FIG. 4 is a partial, isometric view of the crown 26 according to the embodiments of this invention. The crown 26 includes the slot 36 with the open end 38. The open end 38 of the slot 36 slides onto, within, or in between the adjoining links of the chain (shown, respectively, as reference numerals 18, 38, and 20 in FIG. 2). The slot 36 inwardly extends from an outer edge 70 of the crown 26. A skirt 72 downwardly extends from at least a portion of the outer edge 70 of the crown 26. The slot 36 has a width “w” (shown as reference numeral 74) less than a width of the adjoining links of the chain. Because the crown 26 slides onto the chain 20, the crown 26 can be positioned at any link of the chain 20. The crown 26 thus varies the height of the saddles 16 and 22 along the chain 20. The crown 26 thus helps maintain a desired routing of the communications cables 12 and 24.

The crown 26 may also include a chain hook 76. The chain hook 76 outwardly extends from the crown 26. The chain hook 76 has an outer tip 78. This outer tip 78 is sized to insert into and through an opening in a link of the chain (not shown for simplicity). If any excess chain dangles below the crown 26, the chain hook 76 allows the excess chain to be hung in a loop from the crown 26.

FIG. 5 is a schematic illustrating various means for supporting the apparatus 10. FIG. 5A shows the means for supporting the apparatus including a threaded fastener 80. The threaded fastener 80 inserts through a link 82 of the chain 20 and threads into a supporting surface (such as concrete, wood, drywall, or metal). FIG. 5B shows a threaded eyelet 84. The threaded eyelet 84 also threads into the supporting surface. An “S”-shaped hook 86 may interconnect the link 82 of the chain 20 to the threaded eyelet 84. The means for supporting the apparatus 10 may additionally or alternatively include a clip for clipping the apparatus to the supporting surface, a nail for nailing the apparatus to the supporting surface, and a suction device (such as a suction cup) for attaching the apparatus to the supporting surface. The means for supporting the apparatus 10 may additionally or alternatively include welds, adhesives, rivets, magnet, springs, hook and loop fabric fastener, and other chemical/mechanical fasteners.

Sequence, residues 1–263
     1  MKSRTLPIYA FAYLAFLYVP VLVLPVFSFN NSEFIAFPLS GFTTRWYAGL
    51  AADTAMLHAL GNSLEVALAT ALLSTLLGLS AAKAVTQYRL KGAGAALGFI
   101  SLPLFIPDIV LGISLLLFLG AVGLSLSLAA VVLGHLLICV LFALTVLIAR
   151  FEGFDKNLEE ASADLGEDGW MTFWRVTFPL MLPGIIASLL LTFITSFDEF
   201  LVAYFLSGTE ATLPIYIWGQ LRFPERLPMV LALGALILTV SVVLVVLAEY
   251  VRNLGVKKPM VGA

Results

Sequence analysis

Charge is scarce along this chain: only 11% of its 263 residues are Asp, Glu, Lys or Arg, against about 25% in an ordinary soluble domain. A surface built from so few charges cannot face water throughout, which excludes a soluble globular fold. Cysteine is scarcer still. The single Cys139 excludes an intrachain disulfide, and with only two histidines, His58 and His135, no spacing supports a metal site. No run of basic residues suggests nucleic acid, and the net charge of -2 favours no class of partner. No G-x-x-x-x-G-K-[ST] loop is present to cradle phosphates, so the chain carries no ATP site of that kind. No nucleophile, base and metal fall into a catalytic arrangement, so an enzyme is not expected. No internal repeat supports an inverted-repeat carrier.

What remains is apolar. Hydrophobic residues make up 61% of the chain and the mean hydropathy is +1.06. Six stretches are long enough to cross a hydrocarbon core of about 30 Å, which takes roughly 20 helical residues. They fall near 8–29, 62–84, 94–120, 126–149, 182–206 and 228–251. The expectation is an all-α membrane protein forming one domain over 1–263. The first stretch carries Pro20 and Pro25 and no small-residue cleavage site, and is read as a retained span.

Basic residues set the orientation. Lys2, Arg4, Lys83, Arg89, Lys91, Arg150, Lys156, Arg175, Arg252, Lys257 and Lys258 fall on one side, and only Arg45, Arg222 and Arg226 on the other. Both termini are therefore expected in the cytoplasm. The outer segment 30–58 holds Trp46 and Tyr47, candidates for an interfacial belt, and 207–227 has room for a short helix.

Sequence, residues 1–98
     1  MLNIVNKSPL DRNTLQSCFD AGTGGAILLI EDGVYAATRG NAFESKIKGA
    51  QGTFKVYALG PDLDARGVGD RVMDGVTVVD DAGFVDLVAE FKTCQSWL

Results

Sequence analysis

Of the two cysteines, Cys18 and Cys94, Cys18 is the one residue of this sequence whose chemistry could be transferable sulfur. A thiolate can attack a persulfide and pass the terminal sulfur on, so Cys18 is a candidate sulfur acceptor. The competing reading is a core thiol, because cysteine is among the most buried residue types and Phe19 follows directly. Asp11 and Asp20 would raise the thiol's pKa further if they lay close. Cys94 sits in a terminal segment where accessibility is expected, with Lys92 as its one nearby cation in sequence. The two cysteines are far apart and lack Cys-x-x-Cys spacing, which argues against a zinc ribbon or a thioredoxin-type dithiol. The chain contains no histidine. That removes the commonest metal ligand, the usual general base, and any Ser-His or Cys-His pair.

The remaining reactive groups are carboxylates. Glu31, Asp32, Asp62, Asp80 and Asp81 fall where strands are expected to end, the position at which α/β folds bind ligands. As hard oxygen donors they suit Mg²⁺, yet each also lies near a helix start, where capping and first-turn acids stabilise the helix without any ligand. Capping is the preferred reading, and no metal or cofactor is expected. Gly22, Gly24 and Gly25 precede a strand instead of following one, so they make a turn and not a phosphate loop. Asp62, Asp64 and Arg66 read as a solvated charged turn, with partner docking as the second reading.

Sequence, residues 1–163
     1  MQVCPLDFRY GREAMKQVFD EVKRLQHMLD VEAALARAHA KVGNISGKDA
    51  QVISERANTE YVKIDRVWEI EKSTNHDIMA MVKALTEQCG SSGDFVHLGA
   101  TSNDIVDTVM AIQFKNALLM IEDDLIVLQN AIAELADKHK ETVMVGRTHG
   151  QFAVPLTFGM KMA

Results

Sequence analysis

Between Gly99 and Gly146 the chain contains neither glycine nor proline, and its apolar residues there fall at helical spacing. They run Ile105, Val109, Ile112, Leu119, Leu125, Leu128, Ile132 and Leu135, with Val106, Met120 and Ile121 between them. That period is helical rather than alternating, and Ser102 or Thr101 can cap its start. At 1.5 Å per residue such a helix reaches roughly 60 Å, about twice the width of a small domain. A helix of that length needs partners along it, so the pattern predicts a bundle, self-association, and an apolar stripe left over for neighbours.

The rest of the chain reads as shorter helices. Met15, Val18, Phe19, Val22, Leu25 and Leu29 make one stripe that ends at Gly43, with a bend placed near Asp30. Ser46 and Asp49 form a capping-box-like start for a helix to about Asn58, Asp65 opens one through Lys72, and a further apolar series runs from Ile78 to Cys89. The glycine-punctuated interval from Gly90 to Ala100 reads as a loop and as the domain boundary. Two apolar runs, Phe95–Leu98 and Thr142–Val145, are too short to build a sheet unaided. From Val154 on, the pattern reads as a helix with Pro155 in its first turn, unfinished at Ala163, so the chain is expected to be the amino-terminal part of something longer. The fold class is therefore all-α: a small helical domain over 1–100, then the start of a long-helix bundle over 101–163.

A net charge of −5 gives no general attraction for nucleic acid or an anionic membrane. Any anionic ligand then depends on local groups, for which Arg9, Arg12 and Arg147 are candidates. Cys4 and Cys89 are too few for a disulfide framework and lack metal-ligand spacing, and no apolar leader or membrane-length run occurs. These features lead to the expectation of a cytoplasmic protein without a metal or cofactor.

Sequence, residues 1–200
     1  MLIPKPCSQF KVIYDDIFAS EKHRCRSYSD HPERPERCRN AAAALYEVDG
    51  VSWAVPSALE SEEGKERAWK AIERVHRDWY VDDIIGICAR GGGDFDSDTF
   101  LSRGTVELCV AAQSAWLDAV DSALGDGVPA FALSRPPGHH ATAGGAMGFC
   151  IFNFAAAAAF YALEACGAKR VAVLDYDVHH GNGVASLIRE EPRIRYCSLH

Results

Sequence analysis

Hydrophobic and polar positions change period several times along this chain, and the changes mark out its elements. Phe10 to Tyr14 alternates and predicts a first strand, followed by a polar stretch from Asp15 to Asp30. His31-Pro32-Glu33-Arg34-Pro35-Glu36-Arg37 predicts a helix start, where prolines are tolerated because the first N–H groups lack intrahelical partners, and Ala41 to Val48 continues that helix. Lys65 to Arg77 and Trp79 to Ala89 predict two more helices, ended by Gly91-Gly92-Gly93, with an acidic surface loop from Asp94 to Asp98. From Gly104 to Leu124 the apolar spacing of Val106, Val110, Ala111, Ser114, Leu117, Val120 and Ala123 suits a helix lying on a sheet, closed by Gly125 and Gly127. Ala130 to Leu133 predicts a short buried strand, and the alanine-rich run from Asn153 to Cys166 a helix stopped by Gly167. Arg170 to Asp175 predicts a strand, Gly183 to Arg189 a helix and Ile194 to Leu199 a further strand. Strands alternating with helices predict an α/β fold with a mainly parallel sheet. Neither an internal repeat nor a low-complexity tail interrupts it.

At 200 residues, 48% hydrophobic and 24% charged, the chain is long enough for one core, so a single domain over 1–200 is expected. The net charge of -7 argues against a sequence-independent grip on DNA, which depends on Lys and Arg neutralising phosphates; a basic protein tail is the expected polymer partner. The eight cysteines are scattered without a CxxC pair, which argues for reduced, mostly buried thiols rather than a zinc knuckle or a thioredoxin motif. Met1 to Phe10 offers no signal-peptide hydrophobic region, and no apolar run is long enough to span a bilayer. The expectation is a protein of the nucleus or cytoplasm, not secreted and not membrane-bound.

While the present invention has been described with respect to various features, aspects, and embodiments, those skilled and unskilled in the art will recognize the invention is not so limited. Other variations, modifications, and alternative embodiments may be made without departing from the spirit and scope of the present invention.

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Referenced by
Citing PatentFiling datePublication dateApplicantTitle
US7789814 *Apr 23, 2009Sep 7, 2010Qinghao XuDevice for hanging weights to an elongated bar member
US8602365 *Apr 14, 2006Dec 10, 2013Cooper Technologies CompanyHanger for hanging an object from a support rod
Classifications
U.S. Classification248/304, 248/317, 248/58
International ClassificationF16B45/00, H02G3/30, F16L3/00, A47H1/10
Cooperative ClassificationH02G3/30
European ClassificationH02G3/30
Legal Events
DateCodeEventDescription
Feb 21, 2014REMIMaintenance fee reminder mailed
Dec 22, 2009FPAYFee payment
Year of fee payment: 4
Jan 16, 2004ASAssignment
Owner name: BELLSOUTH INTELLECTUAL PROPERTY CORPORATION, DELAW
Free format text: ASSIGNMENT OF ASSIGNORS INTEREST;ASSIGNORS:DIGGLE, FREDERICK;TOWLES, SHANE;REEL/FRAME:014912/0946
Effective date: 20040107